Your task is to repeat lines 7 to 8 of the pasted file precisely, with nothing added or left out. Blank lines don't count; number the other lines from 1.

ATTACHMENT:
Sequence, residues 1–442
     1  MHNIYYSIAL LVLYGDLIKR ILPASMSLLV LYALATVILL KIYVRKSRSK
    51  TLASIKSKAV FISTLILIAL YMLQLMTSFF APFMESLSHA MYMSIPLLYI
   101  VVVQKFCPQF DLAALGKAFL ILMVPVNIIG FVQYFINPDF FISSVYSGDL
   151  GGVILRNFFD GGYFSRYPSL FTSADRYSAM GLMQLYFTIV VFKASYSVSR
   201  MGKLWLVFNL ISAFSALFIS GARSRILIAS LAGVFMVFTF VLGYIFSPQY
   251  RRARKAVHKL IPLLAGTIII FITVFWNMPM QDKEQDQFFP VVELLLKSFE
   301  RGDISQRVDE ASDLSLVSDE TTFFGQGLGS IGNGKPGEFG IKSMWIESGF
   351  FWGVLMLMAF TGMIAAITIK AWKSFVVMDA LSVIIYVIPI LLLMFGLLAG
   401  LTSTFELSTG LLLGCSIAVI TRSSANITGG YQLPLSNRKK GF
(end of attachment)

   251  RRARKAVHKL IPLLAGTIII FITVFWNMPM QDKEQDQFFP VVELLLKSFE
   301  RGDISQRVDE ASDLSLVSDE TTFFGQGLGS IGNGKPGEFG IKSMWIESGF